Syria as a whole will be Bashar Al-Assad’s once again. That is, at least, what the Syrian President and the Russians are hoping for after Moscow brokered a deal between Assad’s regime and the Kurdish-led Syrian Democratic Forces in eastern Syria.
In the wake of a U.S. withdrawal from the border with Turkey and the subsequent invasion by Turkey 20 miles into Syrian territory, Assad and his long-time rivals are willing to work together against their mutual enemy. It isn’t just Turkey but also their proxies in the Free Syrian Army. The group, which was once supported by the Obama administration to fight Assad’s government, has been the tip of Turkey’s spear so far during the brief conflict with the SDF.
Russia, who has had an ongoing relationship with Assad and once supported the SDF, has renewed those ties and brought the two foes together to fight for a common cause. If it works, the Kurds will likely maintain some autonomy while adhering to a united Syria under Assad. If it fails, Turkey will take control of a stretch of land 20 miles deep and 300 miles wide along the border where they intend to relocate two million refugees.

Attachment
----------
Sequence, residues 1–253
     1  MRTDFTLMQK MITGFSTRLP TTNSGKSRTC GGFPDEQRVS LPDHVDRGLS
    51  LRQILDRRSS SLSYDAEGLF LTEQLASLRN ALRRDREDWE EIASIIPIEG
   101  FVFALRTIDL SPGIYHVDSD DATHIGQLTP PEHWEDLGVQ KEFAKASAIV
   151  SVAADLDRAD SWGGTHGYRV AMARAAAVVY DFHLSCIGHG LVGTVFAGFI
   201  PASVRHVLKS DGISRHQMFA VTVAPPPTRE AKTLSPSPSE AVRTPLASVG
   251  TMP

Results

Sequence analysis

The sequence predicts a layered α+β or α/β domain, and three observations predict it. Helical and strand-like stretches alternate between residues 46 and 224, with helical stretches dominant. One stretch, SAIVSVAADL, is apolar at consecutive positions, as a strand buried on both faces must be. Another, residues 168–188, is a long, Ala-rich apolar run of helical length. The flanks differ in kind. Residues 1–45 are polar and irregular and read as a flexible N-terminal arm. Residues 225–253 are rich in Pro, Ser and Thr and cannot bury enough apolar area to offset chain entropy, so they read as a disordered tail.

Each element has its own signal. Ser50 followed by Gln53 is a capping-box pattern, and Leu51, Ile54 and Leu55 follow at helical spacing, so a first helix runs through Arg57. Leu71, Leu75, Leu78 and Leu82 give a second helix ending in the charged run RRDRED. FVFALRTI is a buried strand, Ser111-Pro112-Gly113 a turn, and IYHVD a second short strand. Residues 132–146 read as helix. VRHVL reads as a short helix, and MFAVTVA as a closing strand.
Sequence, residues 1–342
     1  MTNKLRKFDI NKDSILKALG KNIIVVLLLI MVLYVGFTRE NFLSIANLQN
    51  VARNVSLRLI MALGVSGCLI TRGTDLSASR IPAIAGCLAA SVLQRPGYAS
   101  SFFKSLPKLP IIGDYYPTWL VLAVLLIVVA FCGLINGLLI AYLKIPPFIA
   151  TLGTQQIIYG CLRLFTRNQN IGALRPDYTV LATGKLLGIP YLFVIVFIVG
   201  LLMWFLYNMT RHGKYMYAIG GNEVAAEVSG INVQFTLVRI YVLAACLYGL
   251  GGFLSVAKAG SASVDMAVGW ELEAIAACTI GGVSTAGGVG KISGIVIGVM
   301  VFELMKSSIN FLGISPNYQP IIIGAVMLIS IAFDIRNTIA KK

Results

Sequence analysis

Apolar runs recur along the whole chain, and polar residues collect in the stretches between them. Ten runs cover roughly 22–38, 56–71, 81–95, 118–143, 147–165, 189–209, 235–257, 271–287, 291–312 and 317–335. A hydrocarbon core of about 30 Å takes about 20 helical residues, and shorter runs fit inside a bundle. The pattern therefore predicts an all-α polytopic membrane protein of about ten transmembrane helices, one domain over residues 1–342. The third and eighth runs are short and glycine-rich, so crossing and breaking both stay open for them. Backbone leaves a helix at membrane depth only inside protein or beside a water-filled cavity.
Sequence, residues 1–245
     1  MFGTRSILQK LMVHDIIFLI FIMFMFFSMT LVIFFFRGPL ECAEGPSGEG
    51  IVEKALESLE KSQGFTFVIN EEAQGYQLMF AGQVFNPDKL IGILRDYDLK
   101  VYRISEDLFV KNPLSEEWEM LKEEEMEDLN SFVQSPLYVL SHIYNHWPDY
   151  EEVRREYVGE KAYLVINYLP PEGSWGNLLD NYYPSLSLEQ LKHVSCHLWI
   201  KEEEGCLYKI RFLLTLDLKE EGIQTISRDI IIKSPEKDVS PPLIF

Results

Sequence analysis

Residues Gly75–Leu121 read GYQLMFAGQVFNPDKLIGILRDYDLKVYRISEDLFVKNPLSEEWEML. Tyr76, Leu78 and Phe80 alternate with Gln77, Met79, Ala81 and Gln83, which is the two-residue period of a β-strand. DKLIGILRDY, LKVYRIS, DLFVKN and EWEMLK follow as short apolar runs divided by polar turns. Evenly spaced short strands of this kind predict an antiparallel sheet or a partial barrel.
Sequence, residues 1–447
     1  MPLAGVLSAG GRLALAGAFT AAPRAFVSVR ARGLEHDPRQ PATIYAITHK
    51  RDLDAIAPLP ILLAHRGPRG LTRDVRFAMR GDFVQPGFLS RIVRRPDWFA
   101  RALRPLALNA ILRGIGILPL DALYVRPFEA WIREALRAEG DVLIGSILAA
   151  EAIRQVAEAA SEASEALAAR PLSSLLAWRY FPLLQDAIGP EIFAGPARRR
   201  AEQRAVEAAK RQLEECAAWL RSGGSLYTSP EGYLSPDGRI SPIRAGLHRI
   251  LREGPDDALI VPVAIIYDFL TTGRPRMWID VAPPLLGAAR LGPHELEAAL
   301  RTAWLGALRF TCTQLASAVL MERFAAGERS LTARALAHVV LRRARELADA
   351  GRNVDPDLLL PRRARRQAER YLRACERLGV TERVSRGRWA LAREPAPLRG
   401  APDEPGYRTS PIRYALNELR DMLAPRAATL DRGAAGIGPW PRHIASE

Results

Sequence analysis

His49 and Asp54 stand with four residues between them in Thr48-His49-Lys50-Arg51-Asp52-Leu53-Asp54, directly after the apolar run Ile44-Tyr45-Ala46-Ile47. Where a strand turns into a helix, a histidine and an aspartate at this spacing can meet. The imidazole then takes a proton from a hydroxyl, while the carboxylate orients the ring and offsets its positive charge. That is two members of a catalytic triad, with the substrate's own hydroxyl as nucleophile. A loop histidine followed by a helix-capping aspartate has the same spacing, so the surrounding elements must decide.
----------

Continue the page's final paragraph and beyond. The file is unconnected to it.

This isn’t just about relocation, though. The Turkish government believes the Kurdish People’s Protection Units (YPG), which comprises the most powerful militia group within the SDF, is supplying their allies in the Kurdisran Workers’ Party (PKK), which Turkey and America regard as a terrorist organization.
With Russia inserting itself into the mix, their relationship with Turkey will likely strain even more. But their greater goal of a united Syria under the control of Bashar Al-Assad is worth making Turkish President Recep Tayyip Erdogan upset.
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